Parallels – a Lenten poem and reflection

Of what use are symbols?
Dumb objects, bereft of life –
of what use an image,
dead-eyed and heartless?
Of what use the cross, a statue, an icon?

You shall worship no graven image.

Of what use a portrait,
a loved one captured in time?
A moment, a memory,
photographic sentiment.
Somewhere beyond the gloss, humanity abides.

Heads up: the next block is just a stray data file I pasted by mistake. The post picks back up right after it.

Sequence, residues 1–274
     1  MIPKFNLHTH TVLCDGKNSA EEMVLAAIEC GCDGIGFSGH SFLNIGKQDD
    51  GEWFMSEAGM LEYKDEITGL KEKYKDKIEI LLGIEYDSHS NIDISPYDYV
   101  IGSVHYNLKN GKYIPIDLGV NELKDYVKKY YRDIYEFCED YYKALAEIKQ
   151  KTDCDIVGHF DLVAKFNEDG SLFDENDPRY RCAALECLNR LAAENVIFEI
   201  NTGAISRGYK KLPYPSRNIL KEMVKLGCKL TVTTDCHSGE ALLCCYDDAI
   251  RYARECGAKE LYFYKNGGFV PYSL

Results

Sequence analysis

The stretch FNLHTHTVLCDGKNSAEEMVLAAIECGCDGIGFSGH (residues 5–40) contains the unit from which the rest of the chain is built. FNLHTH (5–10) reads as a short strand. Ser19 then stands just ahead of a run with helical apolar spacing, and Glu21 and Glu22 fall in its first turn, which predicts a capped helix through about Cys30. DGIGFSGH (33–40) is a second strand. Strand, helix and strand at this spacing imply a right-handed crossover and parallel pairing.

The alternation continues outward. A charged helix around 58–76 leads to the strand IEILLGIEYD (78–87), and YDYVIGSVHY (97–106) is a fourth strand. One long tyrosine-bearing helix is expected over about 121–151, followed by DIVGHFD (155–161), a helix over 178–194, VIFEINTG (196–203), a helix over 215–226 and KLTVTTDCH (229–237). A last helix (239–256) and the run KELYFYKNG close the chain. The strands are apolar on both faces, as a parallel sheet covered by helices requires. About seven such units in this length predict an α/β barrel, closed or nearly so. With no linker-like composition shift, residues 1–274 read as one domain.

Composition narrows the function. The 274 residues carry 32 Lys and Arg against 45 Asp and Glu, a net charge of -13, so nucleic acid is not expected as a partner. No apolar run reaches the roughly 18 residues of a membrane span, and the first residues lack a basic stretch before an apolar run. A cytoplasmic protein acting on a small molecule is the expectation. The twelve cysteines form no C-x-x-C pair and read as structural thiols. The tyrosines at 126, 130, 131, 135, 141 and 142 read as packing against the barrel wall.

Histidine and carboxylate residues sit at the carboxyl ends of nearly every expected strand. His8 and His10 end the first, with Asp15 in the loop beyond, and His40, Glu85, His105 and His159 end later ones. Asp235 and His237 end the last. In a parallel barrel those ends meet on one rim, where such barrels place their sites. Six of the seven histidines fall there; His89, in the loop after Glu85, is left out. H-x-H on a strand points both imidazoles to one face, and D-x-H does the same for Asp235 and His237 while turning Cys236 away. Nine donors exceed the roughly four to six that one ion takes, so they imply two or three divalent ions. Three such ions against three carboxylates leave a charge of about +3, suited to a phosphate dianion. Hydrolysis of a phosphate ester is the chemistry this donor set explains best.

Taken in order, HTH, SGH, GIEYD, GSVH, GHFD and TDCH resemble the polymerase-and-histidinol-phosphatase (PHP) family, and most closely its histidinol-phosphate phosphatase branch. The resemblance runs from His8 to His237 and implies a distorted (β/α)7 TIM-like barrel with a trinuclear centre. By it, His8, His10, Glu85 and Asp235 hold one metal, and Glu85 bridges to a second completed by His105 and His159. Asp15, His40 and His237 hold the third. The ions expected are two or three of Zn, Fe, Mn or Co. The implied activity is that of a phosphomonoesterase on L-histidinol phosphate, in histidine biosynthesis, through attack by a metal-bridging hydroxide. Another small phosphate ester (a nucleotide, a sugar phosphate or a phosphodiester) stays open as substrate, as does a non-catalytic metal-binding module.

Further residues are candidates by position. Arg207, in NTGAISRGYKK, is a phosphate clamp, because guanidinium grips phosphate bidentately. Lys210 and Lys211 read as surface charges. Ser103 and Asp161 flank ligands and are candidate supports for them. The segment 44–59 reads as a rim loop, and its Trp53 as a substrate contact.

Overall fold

I am occasionally challenged by people who like to equate images with idols, and this is the summary of my response. Idolatry in the historical sense is the worship of an object, often a statue. It involves the complex belief that anything bearing the image of a particular deity has the power to become a part of the deity, or that it becomes a vessel for the deity. Thus, in praying to the object, the worshiper is heard by the god. The Catholic use of imagery and iconography does not fit that pattern. It is closer to the keeping of personal photographs, using visual signs to remind ourselves of a separate existence. No one looks at a family portrait and believes that their loved ones are there enclosed in glass, looking out at them, but it may inspire a moment of love for those people, wherever elsewhere they happen to be.

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